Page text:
Aim: To characterize the profile of patients seeking baclofen treatment for alcohol dependence in France.
Method: We compared retrospectively baclofen seekers and baclofen non-seekers within a cohort of consecutive outpatients with alcohol dependence who attended a first appointment for alcohol treatment at two French addiction centres between September 2012 and March 2014. We documented socio-demographic characteristics; comorbid psychiatric, addiction, alcohol dependence features; patients' initial drinking goal, and referral status; and treatment retention at 6 and 12 months.
Results: Of the 289 patients identified, 107 were baclofen seekers and 182 were baclofen non-seekers. The only parameters significantly associated with baclofen seekers in multivariate analyses were a greater baseline alcohol consumption (β = 15.4, 95% CI: 0.18-30.65, P = 0.05), a controlled-drinking initial goal (OR = 14.9, 95% CI: 7.7-29, P < 0.0001) and self-referral (OR = 6.6, 95% CI: 3.7-12, P < 0.0001), baclofen seekers being eight times more likely to be self-referred and treatment-naïve (OR = 8.8, 95% CI: 4.1-18.9, P < 0.0001). Baclofen seekers were more likely to be retained in treatment at 6 months (OR = 3.5, 95% CI: 1.8-6.7, P < 0.0001) and 12 months (OR = 1.9, 95% CI: 1.1-3.2, P = 0.019).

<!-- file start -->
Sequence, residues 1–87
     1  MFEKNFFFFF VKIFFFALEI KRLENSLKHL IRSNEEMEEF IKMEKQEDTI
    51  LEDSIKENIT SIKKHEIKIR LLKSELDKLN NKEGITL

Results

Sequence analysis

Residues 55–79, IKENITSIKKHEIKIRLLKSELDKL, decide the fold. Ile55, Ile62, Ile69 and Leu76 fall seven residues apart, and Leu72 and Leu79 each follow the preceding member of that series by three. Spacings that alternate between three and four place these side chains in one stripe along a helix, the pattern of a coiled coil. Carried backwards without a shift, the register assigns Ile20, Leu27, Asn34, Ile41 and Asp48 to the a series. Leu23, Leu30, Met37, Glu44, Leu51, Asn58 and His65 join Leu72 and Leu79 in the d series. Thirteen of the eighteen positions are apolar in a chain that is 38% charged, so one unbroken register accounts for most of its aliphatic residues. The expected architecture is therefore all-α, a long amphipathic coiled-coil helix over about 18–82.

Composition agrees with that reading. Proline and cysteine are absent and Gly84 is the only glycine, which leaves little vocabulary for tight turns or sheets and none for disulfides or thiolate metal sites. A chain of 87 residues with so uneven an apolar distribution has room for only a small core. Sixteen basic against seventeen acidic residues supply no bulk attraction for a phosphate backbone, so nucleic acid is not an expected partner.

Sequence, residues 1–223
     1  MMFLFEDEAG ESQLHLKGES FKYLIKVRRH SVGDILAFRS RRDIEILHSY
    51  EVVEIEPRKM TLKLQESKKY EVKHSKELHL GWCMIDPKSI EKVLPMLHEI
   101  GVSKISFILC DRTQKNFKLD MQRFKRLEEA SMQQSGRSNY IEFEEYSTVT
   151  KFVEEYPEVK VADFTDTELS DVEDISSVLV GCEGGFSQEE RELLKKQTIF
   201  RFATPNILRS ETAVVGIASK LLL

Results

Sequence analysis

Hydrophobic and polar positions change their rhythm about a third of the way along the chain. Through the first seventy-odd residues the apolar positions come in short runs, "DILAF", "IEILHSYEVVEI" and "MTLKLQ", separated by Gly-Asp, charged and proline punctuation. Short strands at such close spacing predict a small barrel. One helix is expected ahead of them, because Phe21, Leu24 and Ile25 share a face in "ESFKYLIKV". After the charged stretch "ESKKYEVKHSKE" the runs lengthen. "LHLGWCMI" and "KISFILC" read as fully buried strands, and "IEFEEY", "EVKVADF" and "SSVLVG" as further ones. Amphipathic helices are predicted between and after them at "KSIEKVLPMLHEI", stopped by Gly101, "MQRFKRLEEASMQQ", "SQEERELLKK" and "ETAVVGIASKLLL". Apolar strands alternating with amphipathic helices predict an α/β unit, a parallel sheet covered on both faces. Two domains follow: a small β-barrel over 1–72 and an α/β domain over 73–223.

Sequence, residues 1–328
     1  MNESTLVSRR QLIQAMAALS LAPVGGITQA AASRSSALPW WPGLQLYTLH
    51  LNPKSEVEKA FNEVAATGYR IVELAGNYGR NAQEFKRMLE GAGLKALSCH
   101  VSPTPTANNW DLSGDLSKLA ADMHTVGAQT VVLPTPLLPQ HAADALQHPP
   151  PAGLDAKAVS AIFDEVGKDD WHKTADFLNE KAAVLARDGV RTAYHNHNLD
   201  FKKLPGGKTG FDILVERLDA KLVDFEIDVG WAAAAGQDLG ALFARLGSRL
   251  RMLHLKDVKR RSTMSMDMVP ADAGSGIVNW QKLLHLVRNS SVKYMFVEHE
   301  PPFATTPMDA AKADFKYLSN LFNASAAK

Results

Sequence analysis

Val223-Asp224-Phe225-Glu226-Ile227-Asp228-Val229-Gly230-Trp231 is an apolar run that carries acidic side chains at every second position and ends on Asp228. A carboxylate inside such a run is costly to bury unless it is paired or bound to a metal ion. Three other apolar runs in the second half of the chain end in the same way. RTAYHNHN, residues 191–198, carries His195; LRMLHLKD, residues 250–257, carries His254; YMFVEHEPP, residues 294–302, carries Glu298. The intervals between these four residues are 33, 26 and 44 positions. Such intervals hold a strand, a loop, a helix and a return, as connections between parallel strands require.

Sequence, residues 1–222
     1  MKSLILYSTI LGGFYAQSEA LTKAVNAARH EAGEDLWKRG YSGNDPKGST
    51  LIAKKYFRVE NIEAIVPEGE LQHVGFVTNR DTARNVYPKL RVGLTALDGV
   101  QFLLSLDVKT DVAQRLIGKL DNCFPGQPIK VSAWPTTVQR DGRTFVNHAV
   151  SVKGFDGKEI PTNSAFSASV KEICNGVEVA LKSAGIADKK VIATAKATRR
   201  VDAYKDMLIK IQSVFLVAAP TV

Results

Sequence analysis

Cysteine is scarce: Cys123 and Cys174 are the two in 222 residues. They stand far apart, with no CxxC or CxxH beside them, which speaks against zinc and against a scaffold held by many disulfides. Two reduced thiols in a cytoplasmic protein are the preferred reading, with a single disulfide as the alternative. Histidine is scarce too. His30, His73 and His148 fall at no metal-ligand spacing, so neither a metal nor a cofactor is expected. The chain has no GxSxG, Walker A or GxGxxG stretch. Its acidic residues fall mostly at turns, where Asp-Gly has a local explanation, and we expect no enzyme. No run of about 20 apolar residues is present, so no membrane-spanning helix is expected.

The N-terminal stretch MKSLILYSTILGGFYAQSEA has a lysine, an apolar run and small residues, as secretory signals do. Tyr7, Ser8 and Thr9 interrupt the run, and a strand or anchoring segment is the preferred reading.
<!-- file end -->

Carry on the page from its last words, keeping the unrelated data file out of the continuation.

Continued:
Conclusion: In France, the perspective of controlled drinking offered by baclofen treatment may have attracted more self-referred patients, including those without previous alcohol treatment, to attend treatment, than the usual treatment options. These findings raise the question as to whether future public health strategies on alcohol should more prominently promote some aspects of alcohol treatment, such as patient's preference and treatment options, in order to reduce the treatment gap in alcohol dependence.
© The Author 2016. Medical Council on Alcohol and Oxford University Press. All rights reserved.